As we head into the second half of 2020, many of the temporary flexibilities for telehealth allowed during the COVID-19 pandemic have been made permanent. Since its arrival in the United States earlier this year, COVID-19 has changed the way patients view their health and routines. Retail stores across the country closed, food deliveryRead more »
Why do doctors have such a reputation for being jerks? Is it the better surgeon they are, the bigger the ego? While this perception isn’t always true, dealing with a condescending doctor is something most of us have had to endure at one time or another.
A recent study revealed what fellow clinicians have known for some time: a surgeon with an unprofessional or careless demeanor is more likely to have patients who experience complications and adverse events.
A recent study by Vanderbilt University Medical Center examined the connection between a surgeon’s unprofessional behavior and its effect on surgical teams and the risk for adverse events. William Cooper, MD, MPH, vice president of Patient and Professional Advocacy at VUMC, observed: “Surgical teams require every team member to perform at their highest level. We were interested in understanding whether surgeons’ unprofessional behaviors might undermine culture, threaten teamwork and potentially increase the risk for adverse outcomes of care.” 
The study found that surgeons who are rude and unprofessional with their fellow surgical team members are more likely to have complications during and after operations. An analysis of the report states: “Patients of surgeons [with] one to three reports of unprofessional behavior had an 18% higher risk for complications.” If the surgeon had four or more reports, his or her patients had a 32% higher estimated risk for complications than surgeons with no unprofessional behavior reports.
Studies have consistently indicated positive associations between patient experience, patient safety, and clinical effectiveness. Across these studies, it is more common than not to discover positive associations between patient experience and measures of the technical quality of care and adverse outcomes. The evidence demonstrated this when evaluating the patient experience in both self-rated and objectively measured health outcomes in over 55 studies. 
Physicians are often the focus of these types of behavioral problems and the typical stereotype of “bad bedside manner”, however nurses are also guilty. While the Magnet Recognition Program® is considered the gold standard for nursing excellence, the American Nurses Credentialing Center (ANCC), who determines this hospital recognition, correlates these hospitals with higher percentages of satisfied nurses, lower RN turnover and vacancy, higher patient satisfaction, and improved clinical outcomes.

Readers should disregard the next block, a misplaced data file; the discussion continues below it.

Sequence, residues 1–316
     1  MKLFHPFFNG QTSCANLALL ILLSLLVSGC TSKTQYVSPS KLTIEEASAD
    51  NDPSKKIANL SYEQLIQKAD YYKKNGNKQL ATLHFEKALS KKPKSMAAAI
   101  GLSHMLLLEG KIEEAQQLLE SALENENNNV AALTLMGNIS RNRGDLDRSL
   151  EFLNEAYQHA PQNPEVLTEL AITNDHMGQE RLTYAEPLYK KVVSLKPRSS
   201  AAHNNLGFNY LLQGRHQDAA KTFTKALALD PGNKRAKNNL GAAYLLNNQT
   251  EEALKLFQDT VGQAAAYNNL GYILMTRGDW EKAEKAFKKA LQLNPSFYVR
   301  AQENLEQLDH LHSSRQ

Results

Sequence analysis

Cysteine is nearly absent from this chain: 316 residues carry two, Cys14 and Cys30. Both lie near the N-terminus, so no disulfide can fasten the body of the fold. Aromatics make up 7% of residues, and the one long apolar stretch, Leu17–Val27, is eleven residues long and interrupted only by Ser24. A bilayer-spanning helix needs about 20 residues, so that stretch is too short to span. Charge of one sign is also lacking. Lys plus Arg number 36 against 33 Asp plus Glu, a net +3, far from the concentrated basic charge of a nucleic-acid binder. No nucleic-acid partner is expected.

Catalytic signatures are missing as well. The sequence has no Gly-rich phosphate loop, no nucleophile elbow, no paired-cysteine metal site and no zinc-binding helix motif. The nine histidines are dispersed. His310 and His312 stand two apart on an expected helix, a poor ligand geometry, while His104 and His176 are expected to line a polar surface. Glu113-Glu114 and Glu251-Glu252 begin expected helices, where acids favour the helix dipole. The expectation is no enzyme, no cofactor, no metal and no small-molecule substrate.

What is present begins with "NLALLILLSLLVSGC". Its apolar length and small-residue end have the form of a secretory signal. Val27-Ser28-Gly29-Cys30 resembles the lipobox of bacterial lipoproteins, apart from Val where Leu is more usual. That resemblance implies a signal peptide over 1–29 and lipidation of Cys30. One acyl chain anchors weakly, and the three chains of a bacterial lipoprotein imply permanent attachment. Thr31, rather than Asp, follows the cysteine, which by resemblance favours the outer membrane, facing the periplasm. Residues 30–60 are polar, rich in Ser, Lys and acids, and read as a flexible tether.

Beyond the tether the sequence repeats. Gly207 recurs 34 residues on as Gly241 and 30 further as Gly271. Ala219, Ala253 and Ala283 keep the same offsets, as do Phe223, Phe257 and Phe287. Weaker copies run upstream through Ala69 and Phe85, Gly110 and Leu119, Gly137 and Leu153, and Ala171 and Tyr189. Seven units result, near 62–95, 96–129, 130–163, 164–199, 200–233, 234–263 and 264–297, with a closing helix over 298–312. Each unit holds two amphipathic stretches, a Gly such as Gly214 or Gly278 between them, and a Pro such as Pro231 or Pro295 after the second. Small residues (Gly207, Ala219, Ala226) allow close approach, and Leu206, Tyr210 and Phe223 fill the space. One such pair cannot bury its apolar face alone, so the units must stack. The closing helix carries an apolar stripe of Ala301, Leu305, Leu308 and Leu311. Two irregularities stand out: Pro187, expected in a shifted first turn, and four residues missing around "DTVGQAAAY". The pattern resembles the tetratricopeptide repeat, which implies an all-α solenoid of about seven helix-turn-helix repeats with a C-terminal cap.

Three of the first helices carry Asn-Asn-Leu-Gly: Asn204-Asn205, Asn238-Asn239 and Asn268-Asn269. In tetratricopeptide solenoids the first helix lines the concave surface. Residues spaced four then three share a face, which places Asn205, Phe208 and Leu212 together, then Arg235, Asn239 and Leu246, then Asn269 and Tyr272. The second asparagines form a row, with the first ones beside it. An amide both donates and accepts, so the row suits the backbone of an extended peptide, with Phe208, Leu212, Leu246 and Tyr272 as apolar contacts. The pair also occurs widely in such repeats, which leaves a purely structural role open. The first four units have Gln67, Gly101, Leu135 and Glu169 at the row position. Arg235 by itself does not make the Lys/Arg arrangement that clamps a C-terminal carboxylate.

Despite these strong indicators, organizations wishing to build a culture of safety and excellence within their nursing units, often struggle to implement a standard review and management process for their nursing staff .
Hospitals tend to rely on their peer review systems to catch problematic behaviors. But those programs vary and are protected by state statutes, which can make it challenging to develop a process that’s comprehensive and appropriate for their hospital’s evolving needs where feedback is often provided in a myriad of ways.
So, the question remains: How can organizations empower their peer review process and ensure practitioner-level protection while identifying “red flags”, discovering trends, and reinforcing positive behavior?
Putting people over process
It’s great to see studies validate what care teams have known anecdotally for many years; there is a very real need to build a culture of safety that incorporates the patient and the people that work with that patient as much as the process. In order to drive change, it must be done in an environment where staff feels empowered to report adverse events and unsafe conditions—including unprofessional or threatening behavior.
One of the largest nonprofit health systems in the country partnered with Verge Health for its Converge platform. With Converge, data is seamlessly collected and integrated throughout the health system, increasing the efficiency of processes while reducing data loss and improving close calls, or “catches.” The health system now receives 59% of its peer review referrals through the Converge platform, namely adverse events and patient complaints/grievances. Of those referrals, 62% proceed to peer review. This process ensures better, more proactive management of providers, easier identification of system issues and comprehensive action plans to be put in place before safety is compromised.
Verge’s Converge Platform makes it easier for patients, staff, and caregivers to report events, resulting in more information driving a culture of learning from events, near misses, and unsafe conditions. Logic may tell us the fewer events reported, the better. And while that is the ultimate goal, to get to zero adverse events, you need to ensure a broad capture of all events.
With an integrated platform, hospitals can compile data from across the organization, including complaints, grievances, events, and audits, to inform peer review and tie credentialing to real-time safety issues, increasing the eﬃciency of processes, breaking down silos, and tying practitioners back to safety issues.